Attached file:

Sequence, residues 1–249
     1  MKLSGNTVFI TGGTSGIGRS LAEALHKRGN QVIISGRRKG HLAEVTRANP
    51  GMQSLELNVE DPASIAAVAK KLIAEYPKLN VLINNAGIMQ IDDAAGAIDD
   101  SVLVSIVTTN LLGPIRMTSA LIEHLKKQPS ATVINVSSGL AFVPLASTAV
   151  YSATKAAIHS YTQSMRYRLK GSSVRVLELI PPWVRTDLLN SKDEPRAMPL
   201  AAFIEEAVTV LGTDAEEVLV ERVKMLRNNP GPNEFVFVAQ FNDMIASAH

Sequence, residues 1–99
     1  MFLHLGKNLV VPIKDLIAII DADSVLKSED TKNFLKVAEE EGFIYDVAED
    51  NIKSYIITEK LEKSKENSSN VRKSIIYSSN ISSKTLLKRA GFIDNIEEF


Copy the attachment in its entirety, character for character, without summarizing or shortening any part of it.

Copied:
Sequence, residues 1–249
     1  MKLSGNTVFI TGGTSGIGRS LAEALHKRGN QVIISGRRKG HLAEVTRANP
    51  GMQSLELNVE DPASIAAVAK KLIAEYPKLN VLINNAGIMQ IDDAAGAIDD
   101  SVLVSIVTTN LLGPIRMTSA LIEHLKKQPS ATVINVSSGL AFVPLASTAV
   151  YSATKAAIHS YTQSMRYRLK GSSVRVLELI PPWVRTDLLN SKDEPRAMPL
   201  AAFIEEAVTV LGTDAEEVLV ERVKMLRNNP GPNEFVFVAQ FNDMIASAH

Sequence, residues 1–99
     1  MFLHLGKNLV VPIKDLIAII DADSVLKSED TKNFLKVAEE EGFIYDVAED
    51  NIKSYIITEK LEKSKENSSN VRKSIIYSSN ISSKTLLKRA GFIDNIEEF